Go to the top: A hill walking challenge

With walking a growing trend, many people will be looking for their next
challenge. Walking is a great way to explore new places and see new sights. At
walking pace and height you see landscapes and wildlife that you would so
easily miss by other forms of transports.

Preview-9Walking is also an accessible way to get in shape physically – and boost
your mental well-being.  Health experts
recommend at least 30 minutes of cardiovascular exercise, such as brisk
walking, each day for good health so taking your walking a it further and
higher will reap even greater benefits.

This year we challenge you to Go To The Top – by walking to 10, 20 or
100 of your favourite hills.

You can set your own list and limits, such as walking 30 Scottish Munros. The Munros are all mountains in
Scotland with a summit of more than 3000ft (914m) and many people set about
completing all 282 Munros over many years. You could have a goal of walking two
Munros every month, or 30 over the summer. Here is a link to a handy Munro
bagging on-line log

Corbetts, also in Scotland, present another ideal Go To The
Top challenge. The Corbetts are the 221 mountains with a summit of 2500ft.
Perhaps you could walk 50 Corbetts in 2013? Or aim to walk to the top of 10
Corbetts with your children? Cheek out this Corbett bagging website

Scotland also boasts other hill bagging lists, such as the Grahams, which is hill
between 2000 and 2499ft high.

Alternatively, there are the Sims, which are all hills in Scotland,
England or Wales with a summit of more than 600m and a drop of at least 30
metres all round.

A Marilyn
is a hill of any height in Scotland, England, Wales and the Isle of Man with a
drop of 150m (almost 500ft) or more on all sides.

The Donalds are named after Percy Donald
and his list of hills more than 2000 feet in the Scottish Lowlands. They are
based on a complicated formula for determining separate hills, and originally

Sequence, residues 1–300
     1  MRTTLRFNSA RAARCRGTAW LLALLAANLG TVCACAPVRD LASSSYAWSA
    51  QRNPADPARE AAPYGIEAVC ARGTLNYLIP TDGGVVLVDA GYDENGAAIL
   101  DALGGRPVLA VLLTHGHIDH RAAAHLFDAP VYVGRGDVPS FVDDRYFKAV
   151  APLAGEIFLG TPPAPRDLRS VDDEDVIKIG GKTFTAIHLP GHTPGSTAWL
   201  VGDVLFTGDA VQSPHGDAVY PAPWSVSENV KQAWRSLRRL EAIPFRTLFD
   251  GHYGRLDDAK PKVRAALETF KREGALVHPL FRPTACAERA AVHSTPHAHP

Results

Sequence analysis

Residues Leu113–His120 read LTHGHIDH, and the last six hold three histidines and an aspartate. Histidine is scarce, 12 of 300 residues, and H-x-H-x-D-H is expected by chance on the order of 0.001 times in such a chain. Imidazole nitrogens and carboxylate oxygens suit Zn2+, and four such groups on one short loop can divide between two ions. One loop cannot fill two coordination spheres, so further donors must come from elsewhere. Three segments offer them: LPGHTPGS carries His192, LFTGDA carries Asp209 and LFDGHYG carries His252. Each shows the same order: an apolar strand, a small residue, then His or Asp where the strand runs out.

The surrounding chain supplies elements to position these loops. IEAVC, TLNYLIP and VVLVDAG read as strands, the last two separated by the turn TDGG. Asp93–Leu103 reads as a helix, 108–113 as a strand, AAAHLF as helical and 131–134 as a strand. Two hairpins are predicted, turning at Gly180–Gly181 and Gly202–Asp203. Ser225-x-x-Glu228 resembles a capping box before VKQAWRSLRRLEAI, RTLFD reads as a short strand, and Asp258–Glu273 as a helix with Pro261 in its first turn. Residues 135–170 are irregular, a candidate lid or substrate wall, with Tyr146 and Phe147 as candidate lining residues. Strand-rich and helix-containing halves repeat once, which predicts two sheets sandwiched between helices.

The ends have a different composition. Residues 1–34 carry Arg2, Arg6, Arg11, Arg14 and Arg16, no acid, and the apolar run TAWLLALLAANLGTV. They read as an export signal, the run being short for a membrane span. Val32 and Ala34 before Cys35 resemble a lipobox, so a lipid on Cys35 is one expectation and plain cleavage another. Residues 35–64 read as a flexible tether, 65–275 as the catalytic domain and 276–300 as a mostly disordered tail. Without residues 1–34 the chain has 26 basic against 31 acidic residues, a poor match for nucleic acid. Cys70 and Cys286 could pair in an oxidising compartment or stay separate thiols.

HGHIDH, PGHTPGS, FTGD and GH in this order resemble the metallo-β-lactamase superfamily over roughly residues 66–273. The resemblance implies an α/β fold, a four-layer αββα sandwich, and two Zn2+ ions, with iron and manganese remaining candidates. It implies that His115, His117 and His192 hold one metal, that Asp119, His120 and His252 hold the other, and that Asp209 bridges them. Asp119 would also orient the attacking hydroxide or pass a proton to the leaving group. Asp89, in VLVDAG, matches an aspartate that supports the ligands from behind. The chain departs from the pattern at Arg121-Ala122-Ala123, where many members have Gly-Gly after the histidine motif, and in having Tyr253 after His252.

comprised 87 hills plus a number of other named "tops”.

The Hewitts
are hills in England, Wales and Ireland more
than 2200ft (610m) high with a drop of at least 30 metres (98ft) all round.

Or how about bagging all the Nuttalls? This is a hill with a summit 2000ft (610m) or more,
which rises above its surroundings on all sides by at least 50ft (15m).

The Birketts could be
another Go To The Top goal. These are all the Lake District hills more than 1000ft
tall as listed in Bill Birkett's Complete
Lakeland Fells.

Then, on the Scottish islands, you’ll
find the MacPhies. A
MacPhie is the Isle of Colonsay's equivalent to a Munro, but not as high. Climb
all 22 peaks on Colonsay and neighbouring Isle of Oransay that exceed 300ft in
one go on a connected walk. You could take one or two days to do this over 20
miles. See  MacPhie Bagging

In England, more hills that attract walkers keen to tick off a number of
summits are the Wainwrights. There
are 214 hills that were identified by in A. Wainwright's seven-volume Pictorial
Guide to the Lakeland Fells (1955–1966). More than two million copies of the
Pictorial Guides have been sold worldwide since their publication. See this Wainwright link for more information. Many
of the fells can be walked in one outing so perhaps you could challenge
yourself to Go To the Top of 50 Wainwrights this year?

Another great walking challenge is to summit the three tallest mountains
in each of England, Scotland and Wales. Often referred to as the Three Peaks
Challenge, these mountains are Scafell Pike, (England), Ben Nevis (Scotland)
and Snowdon (Wales). Many walkers aim to complete this challenge in less than
24 hours by driving between the mountains but you could easily spread this over
a weekend, week or the entire summer!

We would love to hear from you if you take up our Go To The Top challenge.
And tell us what your goals are.

1 comment

  1. Sam Gouche 25 February, 2013 at 12:54 Reply

    All great walking locations but I do believe for a challenge the Brecon Beacons is one hell of a challenge, it’s where the Special Forces train.
    I live quite close to the Pennines and when it comes to serious gradients I don’t believe there is an equal short of the mountain ranges. The Pennine way is stunning to walk around the start of May just as temperatures rise and the wet weather is less prevalent.

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